In the current and voltage sensing schemes described above, a direct measurement of resistance is involved. A read-write-read-write_restore technique is employed which uses the direct resistance reading to determine the logic state of the MRAM cell. This technique determines the logic state of a cell by reading the resistance of a cross matrix memory cell by either current or voltage integration. A known value is subsequently written to the cell, for example, a logic 1. The cell is read a second time to determine if the resistance state of the has changed with regard to the previous read. If there is no change between the two reads cycles, the resistance state of the cell is equivalent to the known value, and the cell is left unaltered. If there is a change in the resistance of the cell between read cycles, the cell value is not equal to the known value, and the original resistance value is written back to the cell in order to restore the cell to its original state.

However, this technique may not result in an accurate determination of the logic state of the MRAM cell because of the close resistance value between the logic 0 and logic 1 resistance states and cell to cell processing variations. Consequently, this technique requires additional operations to determine the logic state of an MRAM cell. Accordingly, there is a need and desire for another method of sensing the logic state of a programmable resistance memory cell, for example, an MRAM cell.

BRIEF SUMMARY OF THE INVENTION

The present invention provides a method and apparatus for sensing the logic state of data stored in a programmable resistance memory cell. A voltage potential is applied across the cell in a manner which allows a voltage coefficient (VC) of the cell to be determined by measuring the change in resistance value of the cell due to a change in the amount of applied voltage. The cell's voltage coefficient is used to determine the cell's logic state.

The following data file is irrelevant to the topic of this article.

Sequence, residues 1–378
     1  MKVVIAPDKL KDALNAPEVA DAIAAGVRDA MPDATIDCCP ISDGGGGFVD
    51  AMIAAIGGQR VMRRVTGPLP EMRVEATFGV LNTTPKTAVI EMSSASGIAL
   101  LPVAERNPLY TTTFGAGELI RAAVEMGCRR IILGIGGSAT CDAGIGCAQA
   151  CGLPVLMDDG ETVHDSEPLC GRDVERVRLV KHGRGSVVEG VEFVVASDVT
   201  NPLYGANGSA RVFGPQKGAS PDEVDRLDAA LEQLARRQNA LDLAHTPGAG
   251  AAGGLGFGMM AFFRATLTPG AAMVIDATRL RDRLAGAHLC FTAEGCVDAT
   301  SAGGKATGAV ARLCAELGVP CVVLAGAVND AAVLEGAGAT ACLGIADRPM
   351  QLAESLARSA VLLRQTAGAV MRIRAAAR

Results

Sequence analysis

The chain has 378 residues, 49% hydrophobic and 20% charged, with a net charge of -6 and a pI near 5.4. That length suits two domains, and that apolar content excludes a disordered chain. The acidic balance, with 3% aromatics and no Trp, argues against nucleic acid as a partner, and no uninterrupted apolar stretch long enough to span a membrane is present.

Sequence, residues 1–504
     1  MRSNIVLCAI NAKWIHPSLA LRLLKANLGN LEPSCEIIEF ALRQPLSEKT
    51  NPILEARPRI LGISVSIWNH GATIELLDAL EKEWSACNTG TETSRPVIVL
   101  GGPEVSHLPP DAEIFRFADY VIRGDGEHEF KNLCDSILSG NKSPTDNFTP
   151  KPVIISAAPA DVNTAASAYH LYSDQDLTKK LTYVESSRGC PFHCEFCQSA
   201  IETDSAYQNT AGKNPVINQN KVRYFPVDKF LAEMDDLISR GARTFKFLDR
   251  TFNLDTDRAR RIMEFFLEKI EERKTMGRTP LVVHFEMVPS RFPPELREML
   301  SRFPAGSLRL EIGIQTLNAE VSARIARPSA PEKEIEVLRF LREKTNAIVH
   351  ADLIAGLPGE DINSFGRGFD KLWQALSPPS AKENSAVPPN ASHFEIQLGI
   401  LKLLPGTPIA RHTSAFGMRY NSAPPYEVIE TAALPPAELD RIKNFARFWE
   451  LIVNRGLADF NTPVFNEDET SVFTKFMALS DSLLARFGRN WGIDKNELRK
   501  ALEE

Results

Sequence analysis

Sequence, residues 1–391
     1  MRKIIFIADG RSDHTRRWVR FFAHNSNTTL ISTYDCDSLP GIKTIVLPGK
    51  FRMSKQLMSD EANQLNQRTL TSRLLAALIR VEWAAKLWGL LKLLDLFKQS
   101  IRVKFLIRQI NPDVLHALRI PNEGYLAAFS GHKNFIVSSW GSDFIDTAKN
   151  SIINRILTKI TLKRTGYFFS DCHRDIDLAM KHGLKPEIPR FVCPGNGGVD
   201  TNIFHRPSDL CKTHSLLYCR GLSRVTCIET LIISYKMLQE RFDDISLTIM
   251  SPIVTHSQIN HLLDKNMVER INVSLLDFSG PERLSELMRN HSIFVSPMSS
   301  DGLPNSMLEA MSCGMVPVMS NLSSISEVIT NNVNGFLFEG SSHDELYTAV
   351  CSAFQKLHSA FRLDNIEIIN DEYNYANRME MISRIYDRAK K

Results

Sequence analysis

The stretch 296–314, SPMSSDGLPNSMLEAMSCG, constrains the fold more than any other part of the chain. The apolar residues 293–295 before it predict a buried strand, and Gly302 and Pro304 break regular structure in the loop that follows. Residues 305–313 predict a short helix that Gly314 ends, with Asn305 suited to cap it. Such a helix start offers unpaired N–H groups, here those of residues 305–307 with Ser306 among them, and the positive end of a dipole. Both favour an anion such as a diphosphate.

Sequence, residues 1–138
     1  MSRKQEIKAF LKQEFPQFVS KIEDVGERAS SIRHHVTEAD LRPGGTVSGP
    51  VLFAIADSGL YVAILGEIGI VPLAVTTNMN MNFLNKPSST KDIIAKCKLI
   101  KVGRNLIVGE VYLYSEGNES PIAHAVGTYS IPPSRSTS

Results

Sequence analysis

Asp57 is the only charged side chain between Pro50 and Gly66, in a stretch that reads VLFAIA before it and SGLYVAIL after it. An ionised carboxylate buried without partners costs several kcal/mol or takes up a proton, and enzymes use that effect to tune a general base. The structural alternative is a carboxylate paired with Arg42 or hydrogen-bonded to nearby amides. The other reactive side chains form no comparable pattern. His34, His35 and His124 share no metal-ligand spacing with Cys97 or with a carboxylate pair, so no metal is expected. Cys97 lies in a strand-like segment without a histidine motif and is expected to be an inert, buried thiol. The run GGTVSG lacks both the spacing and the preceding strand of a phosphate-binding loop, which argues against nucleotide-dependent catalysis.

The foregoing and other features and advantages of the invention will become more apparent from the detailed description of the exemplary embodiments of the invention given below in connection with the accompanying drawings.

BRIEF DESCRIPTION OF THE DRAWINGS

FIG. 1 illustrates an exemplary aspect of an MRAM cross-matrix array utilizing current integration sensing.

FIG. 2 shows a circuit for sensing resistance using current integration in an MRAM cross-matrix array.

FIG. 3 shows the resistance of an MRAM cell versus applied voltage.

FIG. 4 shows a distribution of resistance between the logic 0 and 1 states in an MRAM cell when utilizing a direct resistance measurement.

FIG. 5 shows a distribution of voltage coefficients in an MRAM cell between the logic 0 and 1 states.

FIG. 6 shows a circuit for sensing resistance using the voltage coefficient in an MRAM cell.

FIG. 7 shows an MRAM device containing the invention utilized in a computer system.

DETAILED DESCRIPTION OF THE INVENTION

The present invention is applicable to any memory cell which relies on a programmed resistance state to store a logic state. Since an MRAM cell is one such programmable resistance memory cell, for convenience, the invention will be described herein with reference to sensing the resistance and thus logic state of an MRAM cell. However, this is only one exemplary use of the invention.

A portion of an MRAM array 100 in which the present invention may be used is shown in FIG. 1. Word lines, WORDLINE 1, 2, 3 extend along rows of the array 100, and bit lines, BITLINE 1, 2, 3 extend along columns of the array 100. Each memory cell 110 is located at a cross point of a word line and a bit line. The logic state of an MRAM memory cell e.g. element 110 is represented by the resistance of that cell.

According to one embodiment of the invention, a novel method of sensing the logic state of the MRAM memory cell e.g., 110 uses the cell's voltage coefficient instead of the conventional direct resistance reading. The voltage coefficient is the change in resistance of the cell due to a change in applied voltage. As illustrated in FIG. 3, an MRAM memory cell 110 has a negative voltage coefficient, since the resistance of the memory cell decreases with increased applied voltage across its terminals.